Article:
The Documenti (Documents) section presents, in the first place, the notes of the historian José Orlandis –recently deceased– on the audiences granted by Pius XII and Msgr. Montini to members of Opus Dei in Roma between 1943 and 1945, some letters by Montini and Orlandis are also included. These documents–introduced and edited by Josep-Ignasi Saranyana– allow us to learn about the early impressions and first hand information that the Pope and the Substitute of the Secretary of State received about Opus Dei.
Another document published in this section is an account of a Marian pilgrimage made by Saint Josemaría, with two members of Opus Dei, to the Shrine of Our Lady of Sonsoles, in Ávila in May 1935. This document provides interesting information for the reconstruction of the interior journey of St. Josemaría and the spiritual life –profoundly Marian–, of the Opus Dei members. The presentation and comments are provided by Alfredo Méndiz.
The last document edited in this section is quite short but will be of great interest to Canon Law experts: it consists of a letter from Sebastian Cardinal Baggio to Msgr. Álvaro del Portillo, on the 17th of January, 1983, on the subject of Personal Prelatures. In this letter, the then Prefect of the Congregation for Bishops, informs the Prelate of Opus Dei of an audience with the Pope in which John Paul II had clarified the meaning and scope of the insertion of the canons dealing with personal prelatures in new Code of Canon Law of 1983.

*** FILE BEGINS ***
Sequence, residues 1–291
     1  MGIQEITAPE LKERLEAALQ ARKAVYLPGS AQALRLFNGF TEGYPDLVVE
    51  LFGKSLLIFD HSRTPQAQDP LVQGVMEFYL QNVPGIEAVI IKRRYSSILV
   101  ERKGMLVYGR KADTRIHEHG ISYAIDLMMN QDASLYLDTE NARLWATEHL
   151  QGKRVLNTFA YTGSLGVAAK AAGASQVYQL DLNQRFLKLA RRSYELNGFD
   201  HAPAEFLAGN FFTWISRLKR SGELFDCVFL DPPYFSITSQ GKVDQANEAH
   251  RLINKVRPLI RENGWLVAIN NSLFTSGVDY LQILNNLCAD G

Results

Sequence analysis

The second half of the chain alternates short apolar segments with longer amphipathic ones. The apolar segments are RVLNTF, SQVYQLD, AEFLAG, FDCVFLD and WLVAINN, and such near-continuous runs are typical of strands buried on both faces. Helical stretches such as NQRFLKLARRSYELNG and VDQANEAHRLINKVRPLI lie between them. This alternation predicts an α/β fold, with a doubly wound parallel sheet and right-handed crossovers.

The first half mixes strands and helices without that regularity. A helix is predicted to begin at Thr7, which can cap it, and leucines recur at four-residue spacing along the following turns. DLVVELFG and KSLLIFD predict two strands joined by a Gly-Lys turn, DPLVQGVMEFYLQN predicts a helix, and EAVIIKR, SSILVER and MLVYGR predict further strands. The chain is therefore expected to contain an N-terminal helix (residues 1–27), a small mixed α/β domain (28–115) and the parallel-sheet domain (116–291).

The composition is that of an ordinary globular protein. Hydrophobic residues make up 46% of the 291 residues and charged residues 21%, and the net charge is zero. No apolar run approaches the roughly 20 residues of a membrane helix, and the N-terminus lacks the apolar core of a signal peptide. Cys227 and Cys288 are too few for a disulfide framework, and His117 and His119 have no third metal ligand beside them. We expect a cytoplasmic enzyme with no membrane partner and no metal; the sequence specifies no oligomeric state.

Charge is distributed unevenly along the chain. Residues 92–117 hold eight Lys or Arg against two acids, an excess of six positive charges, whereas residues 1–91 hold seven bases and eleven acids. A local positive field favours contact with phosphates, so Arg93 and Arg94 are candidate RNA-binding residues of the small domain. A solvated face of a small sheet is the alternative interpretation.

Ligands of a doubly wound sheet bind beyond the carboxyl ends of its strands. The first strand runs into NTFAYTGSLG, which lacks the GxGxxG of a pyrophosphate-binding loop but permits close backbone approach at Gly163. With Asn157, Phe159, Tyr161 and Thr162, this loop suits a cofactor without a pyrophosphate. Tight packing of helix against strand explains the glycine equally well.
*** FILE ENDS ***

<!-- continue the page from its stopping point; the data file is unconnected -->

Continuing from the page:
The Notiziario (Academic Events) section is dedicated, this time, to two contributions about The Way: one, by Alfredo Méndiz, as a literary work and the other, by Carmen Sánchez Lanza, from a linguistic perspective.
Just as in previous numbers, this issue also presents a bibliographical section with reviews and critiques and a new installment of the already monumental bibliographical catalogue dedicated to the “General Bibliography” about St. Josemaría and Opus Dei. The first three issues of Studia et Documenta have attempted to provide an exhaustive bibliography about St. Josemaría until 2002, while the fourth issue and the current number deal with the “General Bibliography about Opus Dei”, which will be continued in future issues.